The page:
(Italy - 1987)
Directed by Joe D'Amato (Aristide Massaccesi). Written by Sarah Asproon (Rossella Drudi) and Clyde Anderson (Claudio Fragasso). Cast: Jessica Moore (Luciana Ottaviani), Joshua McDonald, Mary Sellers, Tom Mojack, Laura Gemser. (Unrated, 92 mins)
A softcore cult classic that was instrumental in helping establish the legend of Skinemax while playing a significant role in the depletion of many a pubescent teenage boy's tube sock supply back in the day, 1987's ELEVEN DAYS, ELEVEN NIGHTS is a gender-swapped Italian ripoff of 9 1/2 WEEKS from notorious Eurocult journeyman Joe D'Amato. Written by Claudio Fragasso and Rossella Drudi--the husband-and-wife masters of erotica who would later gift us with TROLL 2--ELEVEN DAYS, ELEVEN NIGHTS pretty much follows the template of D'Amato's "Black Emanuelle" films of the late '70s, right down to the presence of Laura Gemser, this time as the editor to nympho journalist Sarah Asproon (Jessica Moore), who's writing a scintillating memoir of her sexual exploits entitled My One Hundred Men (Drudi uses the pseudonym "Sarah Asproon" for her writing credit, giving the film a bogus autobiographical ruse in the tradition of "Emmanuelle Arsan"). Sarah is nearing completion of the book as she seduces man #100, none-too-bright New Orleans engineer Michael Terenzi (Joshua McDonald, absurdly dubbed by the dulcet tones of the venerable Ted Rusoff). They have a torrid sexual encounter on a ferry, during which she steals his wallet and calls him later that evening for another hookup. Michael is due to be married in twelve days to his nice but boring, sexually unadventurous fiancee Helen (Mary Sellers) and isn't looking forward to a dull sex life or dealing with his controlling in-laws. So he doesn't hesitate to get all of his wild desires out of his system, diving head-on into a kinky and obsessive fling with Sarah, who wants to make the most of what little time they have, purring: "Give me all the nights you have left! Eleven nights...just for me!"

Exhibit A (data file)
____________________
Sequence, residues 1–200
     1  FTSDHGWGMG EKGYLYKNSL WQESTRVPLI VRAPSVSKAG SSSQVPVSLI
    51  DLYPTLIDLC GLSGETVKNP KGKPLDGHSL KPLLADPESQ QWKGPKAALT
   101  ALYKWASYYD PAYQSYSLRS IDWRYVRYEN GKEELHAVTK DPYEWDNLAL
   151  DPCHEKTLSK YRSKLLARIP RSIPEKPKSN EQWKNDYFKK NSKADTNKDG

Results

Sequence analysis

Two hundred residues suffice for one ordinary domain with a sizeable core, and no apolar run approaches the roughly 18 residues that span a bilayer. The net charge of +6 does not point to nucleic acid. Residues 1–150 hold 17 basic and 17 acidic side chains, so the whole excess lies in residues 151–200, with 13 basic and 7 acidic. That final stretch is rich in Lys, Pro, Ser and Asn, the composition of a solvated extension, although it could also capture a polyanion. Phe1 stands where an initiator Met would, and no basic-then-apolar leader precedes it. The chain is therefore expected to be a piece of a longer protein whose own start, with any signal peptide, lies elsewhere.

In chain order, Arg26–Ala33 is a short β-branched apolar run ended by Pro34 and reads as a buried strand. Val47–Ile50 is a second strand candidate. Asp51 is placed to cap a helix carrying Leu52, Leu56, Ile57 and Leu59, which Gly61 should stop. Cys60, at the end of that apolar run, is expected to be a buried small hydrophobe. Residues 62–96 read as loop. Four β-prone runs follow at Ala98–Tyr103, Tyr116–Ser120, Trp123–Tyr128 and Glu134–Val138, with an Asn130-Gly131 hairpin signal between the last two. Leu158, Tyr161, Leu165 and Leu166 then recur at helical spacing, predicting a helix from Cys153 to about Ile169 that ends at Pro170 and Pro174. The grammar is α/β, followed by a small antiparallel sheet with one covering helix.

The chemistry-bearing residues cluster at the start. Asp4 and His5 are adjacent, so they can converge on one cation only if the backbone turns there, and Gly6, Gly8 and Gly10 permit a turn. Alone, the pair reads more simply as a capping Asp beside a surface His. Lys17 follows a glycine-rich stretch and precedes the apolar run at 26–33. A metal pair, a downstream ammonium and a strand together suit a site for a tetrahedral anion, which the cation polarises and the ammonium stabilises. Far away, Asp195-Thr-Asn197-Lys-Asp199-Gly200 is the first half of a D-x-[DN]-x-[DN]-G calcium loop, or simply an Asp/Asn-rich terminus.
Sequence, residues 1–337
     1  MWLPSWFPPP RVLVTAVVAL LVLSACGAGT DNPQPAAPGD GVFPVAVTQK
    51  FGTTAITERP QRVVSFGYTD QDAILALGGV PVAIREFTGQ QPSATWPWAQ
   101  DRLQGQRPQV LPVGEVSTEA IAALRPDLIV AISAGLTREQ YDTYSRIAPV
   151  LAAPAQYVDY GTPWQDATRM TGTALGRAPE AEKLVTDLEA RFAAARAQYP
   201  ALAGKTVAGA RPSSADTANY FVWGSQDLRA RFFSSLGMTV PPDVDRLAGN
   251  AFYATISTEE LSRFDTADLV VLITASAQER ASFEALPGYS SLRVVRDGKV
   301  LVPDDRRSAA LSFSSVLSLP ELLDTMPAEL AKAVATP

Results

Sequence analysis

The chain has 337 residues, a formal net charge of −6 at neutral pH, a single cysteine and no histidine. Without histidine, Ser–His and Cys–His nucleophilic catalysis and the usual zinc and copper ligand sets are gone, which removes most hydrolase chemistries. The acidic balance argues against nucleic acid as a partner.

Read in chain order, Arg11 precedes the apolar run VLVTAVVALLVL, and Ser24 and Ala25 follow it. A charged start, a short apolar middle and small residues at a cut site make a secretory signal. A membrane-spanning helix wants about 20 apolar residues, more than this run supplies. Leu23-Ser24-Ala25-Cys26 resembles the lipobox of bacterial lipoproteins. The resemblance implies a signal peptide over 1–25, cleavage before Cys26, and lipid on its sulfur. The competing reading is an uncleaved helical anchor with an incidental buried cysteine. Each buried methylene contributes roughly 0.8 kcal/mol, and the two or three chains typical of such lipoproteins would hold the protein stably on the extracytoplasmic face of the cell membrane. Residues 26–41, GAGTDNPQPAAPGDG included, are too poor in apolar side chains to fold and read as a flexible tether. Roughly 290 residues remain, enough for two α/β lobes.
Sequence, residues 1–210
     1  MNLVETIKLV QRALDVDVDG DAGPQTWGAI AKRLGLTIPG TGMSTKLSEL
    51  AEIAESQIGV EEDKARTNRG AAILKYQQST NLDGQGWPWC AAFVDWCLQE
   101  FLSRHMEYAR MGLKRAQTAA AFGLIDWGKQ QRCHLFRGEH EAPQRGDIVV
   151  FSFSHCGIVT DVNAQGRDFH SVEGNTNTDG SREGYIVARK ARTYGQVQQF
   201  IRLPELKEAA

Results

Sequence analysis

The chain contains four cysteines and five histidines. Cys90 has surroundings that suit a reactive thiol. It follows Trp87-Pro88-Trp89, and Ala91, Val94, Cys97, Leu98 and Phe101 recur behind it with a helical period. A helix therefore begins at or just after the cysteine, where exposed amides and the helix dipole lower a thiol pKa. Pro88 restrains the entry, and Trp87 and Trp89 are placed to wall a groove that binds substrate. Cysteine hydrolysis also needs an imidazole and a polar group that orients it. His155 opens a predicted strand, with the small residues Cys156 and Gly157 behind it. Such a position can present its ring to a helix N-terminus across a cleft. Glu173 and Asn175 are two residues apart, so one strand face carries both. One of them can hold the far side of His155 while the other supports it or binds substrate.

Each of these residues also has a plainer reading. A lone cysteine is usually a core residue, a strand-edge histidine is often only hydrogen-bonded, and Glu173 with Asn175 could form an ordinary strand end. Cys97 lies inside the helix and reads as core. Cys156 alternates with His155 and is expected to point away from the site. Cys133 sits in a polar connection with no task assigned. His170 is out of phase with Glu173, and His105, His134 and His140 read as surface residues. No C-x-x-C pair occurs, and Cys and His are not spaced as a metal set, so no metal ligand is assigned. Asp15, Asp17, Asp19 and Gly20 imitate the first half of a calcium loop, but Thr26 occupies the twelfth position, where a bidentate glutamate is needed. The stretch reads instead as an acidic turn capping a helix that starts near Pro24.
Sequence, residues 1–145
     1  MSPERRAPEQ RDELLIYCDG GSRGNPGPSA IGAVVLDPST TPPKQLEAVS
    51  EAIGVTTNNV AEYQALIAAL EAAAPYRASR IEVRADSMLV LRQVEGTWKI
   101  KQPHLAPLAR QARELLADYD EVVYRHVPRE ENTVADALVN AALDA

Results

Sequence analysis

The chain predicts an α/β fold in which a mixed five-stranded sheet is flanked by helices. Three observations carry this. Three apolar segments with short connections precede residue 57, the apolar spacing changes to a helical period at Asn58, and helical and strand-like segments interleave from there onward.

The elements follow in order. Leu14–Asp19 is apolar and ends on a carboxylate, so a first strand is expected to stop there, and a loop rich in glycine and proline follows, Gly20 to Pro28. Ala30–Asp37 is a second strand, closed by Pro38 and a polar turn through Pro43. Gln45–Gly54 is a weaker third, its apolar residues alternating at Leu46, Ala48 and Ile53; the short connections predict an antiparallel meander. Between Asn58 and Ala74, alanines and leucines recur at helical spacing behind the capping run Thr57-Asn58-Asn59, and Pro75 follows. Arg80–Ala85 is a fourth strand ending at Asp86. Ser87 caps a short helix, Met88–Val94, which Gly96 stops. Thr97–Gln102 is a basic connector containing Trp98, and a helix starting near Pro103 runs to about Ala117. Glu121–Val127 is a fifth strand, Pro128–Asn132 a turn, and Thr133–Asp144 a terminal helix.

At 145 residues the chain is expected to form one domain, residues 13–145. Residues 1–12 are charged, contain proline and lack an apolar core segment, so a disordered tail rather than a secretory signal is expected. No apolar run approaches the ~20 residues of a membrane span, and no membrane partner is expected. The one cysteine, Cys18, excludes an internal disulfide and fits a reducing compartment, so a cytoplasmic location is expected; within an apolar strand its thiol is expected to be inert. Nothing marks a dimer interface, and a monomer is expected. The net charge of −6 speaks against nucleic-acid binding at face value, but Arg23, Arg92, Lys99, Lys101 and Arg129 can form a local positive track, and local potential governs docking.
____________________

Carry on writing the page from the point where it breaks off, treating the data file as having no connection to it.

TOP MODEL. That was followed by a string of numerically-challenged D'Amato-helmed sequels without Moore, including 1989's unrelated 11 DAYS, 11 NIGHTS 3, which offered a male protagonist in unknown American actor Cort McCown (who had small roles in '80s comedies TEEN WOLF and CAN'T BUY ME LOVE) and 1991's bafflingly-titled fourth installment 11 DAYS, 11 NIGHTS 2 (no, "2" is not a typo, and since the actual second film was rechristened TOP MODEL, perhaps D'Amato was trying to backtrack with a retroactive "part 2"), which starred Kristine Rose as a returning Sarah Asproon. Making matters even more mystifying is the existence of 1990's TOP MODEL 2, which was neither produced nor directed by D'Amato and starred neither Moore nor Rose. With this franchise--with its actual order being a riddle wrapped in a mystery inside an enigma--and with 1989's BLUE ANGEL CAFE and 1990's HIGH FINANCE WOMAN (aka THE LOVES OF A WALL STREET WOMAN), a pair of softcore titles with CANNONBALL RUN Lamborghini girl Tara Buckman, D'Amato was slightly ahead of the curve with the straight-to-video erotic thriller explosion that would hit American video stores over beginning in 1990-1991.